The case for low expectations

Yesterday was not a particularly great day.

The work continues at the house. A carpet crew was coming to finish the playroom — a room that was originally going to be carpeted a month ago, but due to some under-measuring, and thus under-ordering, was not. They were to come between 9 and 10, but somehow wound up at the wrong house, and did not arrive until 11 or so. I had been looking out the window every 10 minutes trying to find them, since the doorbell isn’t working. Then in the afternoon, some furniture was supposed to be delivered between 1:30 and 3:30. To make sure I found that crew, I was also looking out the window every 10 minutes, hopping up to make sure they would get to the right door. They never came. They claimed to have knocked on my door for 20 minutes, but it wasn’t my house, because out of morbid curiosity I reviewed the outside security camera footage and, nope. Dispatch confirmed the address, so I have no idea what happened.

Anyway, all this was pretty frustrating, as my entire day was taken up with these waiting windows, and at the end of the day, I still didn’t have the furniture.

On the other hand, in the few minutes in between checking for trucks, I at least knocked a bunch of smaller tasks off my list. I managed to write/edit all my weekly Before Breakfast scripts. I worked on podcast notes for Best of Both Worlds. I answered a few time log emails (I am now approximately halfway through the emails I received on January 17th, so I guess that’s progress?) I edited and turned in a book review. I worked with my TBT statistician on updating some numbers. My expectation was that I was going to get nothing done, so with that as the baseline, I kept thinking well, let’s see if I can do a little something. Several somethings add up to a bigger something. Not a full workday, but something.

And then to try to cheer myself up, I put a few little treats into the day. My teenager is taking finals, and only had one yesterday, which was done by 9:30. So we ordered lunch together from a local Asian fusion place (chicken dumplings and rice for him, sushi for me). I watched the sunset from my bedroom window. I took a short soak in my tub. I read in front of the fireplace at night (so nice to be able to turn on a fireplace with a remote control!)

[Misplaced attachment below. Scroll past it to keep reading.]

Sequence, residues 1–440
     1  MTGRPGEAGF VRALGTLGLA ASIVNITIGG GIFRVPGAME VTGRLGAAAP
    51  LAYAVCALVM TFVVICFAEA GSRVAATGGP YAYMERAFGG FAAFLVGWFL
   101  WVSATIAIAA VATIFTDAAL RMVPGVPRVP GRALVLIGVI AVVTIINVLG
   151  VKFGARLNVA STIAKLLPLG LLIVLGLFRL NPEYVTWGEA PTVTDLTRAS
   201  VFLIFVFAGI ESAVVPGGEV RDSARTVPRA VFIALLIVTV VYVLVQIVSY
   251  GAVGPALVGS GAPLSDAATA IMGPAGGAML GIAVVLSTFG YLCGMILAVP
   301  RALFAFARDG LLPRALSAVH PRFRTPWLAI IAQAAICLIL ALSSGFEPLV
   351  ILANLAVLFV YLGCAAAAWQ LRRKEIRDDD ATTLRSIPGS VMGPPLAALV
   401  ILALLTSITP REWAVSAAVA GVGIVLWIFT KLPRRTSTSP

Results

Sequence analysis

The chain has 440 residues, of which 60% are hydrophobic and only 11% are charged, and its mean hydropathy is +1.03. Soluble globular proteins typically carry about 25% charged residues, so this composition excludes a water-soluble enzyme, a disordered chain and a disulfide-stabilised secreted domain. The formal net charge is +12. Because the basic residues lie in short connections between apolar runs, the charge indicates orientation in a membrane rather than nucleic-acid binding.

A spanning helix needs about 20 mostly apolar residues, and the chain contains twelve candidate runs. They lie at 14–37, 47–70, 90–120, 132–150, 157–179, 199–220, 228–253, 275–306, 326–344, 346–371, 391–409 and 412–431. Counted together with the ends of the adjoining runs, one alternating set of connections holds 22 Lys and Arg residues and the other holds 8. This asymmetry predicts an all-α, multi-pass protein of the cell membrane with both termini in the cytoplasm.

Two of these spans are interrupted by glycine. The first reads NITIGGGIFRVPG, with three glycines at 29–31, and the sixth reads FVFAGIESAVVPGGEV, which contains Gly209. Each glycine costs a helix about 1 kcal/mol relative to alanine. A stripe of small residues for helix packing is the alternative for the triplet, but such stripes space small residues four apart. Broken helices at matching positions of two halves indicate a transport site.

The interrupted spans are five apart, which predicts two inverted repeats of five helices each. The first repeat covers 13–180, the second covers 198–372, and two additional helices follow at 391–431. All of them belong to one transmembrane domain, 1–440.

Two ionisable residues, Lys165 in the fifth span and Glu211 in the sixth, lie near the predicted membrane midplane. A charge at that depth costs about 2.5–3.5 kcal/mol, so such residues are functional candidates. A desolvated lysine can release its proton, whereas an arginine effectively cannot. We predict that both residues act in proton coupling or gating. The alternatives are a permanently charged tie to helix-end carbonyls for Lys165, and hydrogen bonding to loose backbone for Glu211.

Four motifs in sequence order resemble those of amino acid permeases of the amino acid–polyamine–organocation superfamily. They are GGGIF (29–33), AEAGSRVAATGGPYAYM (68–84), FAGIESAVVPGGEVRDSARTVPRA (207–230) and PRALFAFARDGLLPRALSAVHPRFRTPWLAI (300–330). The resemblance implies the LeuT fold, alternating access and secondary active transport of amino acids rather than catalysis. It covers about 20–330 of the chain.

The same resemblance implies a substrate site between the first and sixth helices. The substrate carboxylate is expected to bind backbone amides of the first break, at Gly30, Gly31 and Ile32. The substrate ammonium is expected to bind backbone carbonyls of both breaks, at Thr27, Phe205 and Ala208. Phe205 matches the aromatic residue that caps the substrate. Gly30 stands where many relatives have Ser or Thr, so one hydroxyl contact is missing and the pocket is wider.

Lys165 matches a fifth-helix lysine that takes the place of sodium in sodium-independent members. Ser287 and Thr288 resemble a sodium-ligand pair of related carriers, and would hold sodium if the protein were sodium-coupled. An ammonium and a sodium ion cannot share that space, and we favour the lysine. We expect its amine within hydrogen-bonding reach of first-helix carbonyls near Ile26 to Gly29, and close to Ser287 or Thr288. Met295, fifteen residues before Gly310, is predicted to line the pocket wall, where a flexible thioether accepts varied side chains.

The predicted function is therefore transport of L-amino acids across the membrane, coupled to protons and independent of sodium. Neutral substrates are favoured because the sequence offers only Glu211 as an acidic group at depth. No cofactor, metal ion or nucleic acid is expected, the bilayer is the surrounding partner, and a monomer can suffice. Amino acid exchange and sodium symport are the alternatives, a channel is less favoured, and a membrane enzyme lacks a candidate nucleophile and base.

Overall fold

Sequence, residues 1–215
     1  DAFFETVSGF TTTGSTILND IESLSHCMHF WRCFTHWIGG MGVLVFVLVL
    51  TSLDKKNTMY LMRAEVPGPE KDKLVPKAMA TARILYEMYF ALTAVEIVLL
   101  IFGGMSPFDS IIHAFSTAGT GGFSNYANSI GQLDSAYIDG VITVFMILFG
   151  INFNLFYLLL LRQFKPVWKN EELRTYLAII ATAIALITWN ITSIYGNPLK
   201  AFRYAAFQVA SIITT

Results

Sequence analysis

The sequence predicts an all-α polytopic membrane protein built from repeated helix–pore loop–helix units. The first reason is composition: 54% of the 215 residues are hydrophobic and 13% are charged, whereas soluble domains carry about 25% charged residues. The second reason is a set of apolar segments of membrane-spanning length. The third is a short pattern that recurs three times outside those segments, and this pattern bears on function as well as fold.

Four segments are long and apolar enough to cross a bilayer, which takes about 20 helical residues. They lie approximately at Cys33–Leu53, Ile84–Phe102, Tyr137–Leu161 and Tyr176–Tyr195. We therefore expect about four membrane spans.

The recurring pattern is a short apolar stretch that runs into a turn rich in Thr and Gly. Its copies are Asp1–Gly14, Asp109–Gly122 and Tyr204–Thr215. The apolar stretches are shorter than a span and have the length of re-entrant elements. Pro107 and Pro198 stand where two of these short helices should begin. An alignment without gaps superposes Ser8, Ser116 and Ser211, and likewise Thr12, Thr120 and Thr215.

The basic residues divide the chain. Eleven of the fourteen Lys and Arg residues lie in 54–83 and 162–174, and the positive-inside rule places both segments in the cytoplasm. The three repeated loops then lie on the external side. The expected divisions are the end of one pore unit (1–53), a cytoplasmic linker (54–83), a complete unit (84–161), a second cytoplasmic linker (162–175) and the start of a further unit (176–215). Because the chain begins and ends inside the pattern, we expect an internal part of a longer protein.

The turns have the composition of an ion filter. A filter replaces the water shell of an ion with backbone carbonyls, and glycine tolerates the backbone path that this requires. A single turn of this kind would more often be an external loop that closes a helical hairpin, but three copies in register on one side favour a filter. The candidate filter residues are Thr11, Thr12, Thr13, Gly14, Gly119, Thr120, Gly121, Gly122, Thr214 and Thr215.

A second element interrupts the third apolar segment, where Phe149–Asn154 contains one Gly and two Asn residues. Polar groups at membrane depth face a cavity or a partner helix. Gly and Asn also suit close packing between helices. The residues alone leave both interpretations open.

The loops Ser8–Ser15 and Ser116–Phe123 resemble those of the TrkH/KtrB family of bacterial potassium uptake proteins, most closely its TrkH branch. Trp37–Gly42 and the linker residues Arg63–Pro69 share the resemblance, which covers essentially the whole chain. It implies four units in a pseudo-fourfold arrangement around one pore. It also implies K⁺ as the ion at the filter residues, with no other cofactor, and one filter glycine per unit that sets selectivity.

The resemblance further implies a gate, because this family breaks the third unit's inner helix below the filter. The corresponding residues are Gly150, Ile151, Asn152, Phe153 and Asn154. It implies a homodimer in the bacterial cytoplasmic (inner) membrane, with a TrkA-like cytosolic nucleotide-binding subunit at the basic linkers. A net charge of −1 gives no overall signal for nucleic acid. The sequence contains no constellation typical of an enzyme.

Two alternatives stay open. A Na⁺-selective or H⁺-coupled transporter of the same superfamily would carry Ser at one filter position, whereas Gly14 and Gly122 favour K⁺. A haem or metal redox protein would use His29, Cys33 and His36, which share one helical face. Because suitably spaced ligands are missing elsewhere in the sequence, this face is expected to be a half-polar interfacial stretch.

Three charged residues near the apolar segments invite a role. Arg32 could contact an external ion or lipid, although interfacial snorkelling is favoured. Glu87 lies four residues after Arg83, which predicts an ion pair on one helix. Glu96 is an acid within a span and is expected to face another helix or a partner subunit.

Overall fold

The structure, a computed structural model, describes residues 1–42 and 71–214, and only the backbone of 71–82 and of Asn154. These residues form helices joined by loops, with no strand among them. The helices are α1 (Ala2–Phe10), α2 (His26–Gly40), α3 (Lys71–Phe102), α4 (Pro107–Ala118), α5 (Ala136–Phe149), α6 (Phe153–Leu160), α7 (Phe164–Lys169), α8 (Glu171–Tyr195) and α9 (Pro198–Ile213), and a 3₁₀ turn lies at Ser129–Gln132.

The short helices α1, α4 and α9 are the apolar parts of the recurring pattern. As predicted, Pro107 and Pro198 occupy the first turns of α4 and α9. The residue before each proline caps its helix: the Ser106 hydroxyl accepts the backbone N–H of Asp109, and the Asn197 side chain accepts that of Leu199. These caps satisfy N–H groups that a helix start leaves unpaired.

And now today is another day. We have a wallpaper crew here, but they arrived exactly when they said they would, and there are no furniture delivery windows. Some day this house will be done. The kitchen is almost box free at this point! It helped the process when I declared something a “drawer for stuff that has no other home.” Maybe every room needs one of those…

Photo: A clock. I know I have used this before but I’m trying to get this posted before a call and so I am re-using art. 

 

4 thoughts on “The case for low expectations

  1. Absolutely, those drawers are called ‘orphan’ drawers then if they can gather enough ‘family’ of like things they can be moved to a designated space. Everything needs to ‘live’ somewhere. So in awe of how you are coping positively with your Massive Move.

  2. I’m a firm believer in the kitchen “junk” drawer for all of the bits and pieces that you know you will want but just don’t have a home.

    Glad you are slowly settling in. Moving is such a job!

  3. Congratulations on your new house, Laura. I’m doing some redecorating; any recommendations on best places to buy furniture? thanks

  4. My symapthies! I soooooo do not love the flakiness of most trades people! Also infuriating when they say they were at your house, and it’s an obvious… well, at best it’s a misunderstanding, and at worst an outright lie.

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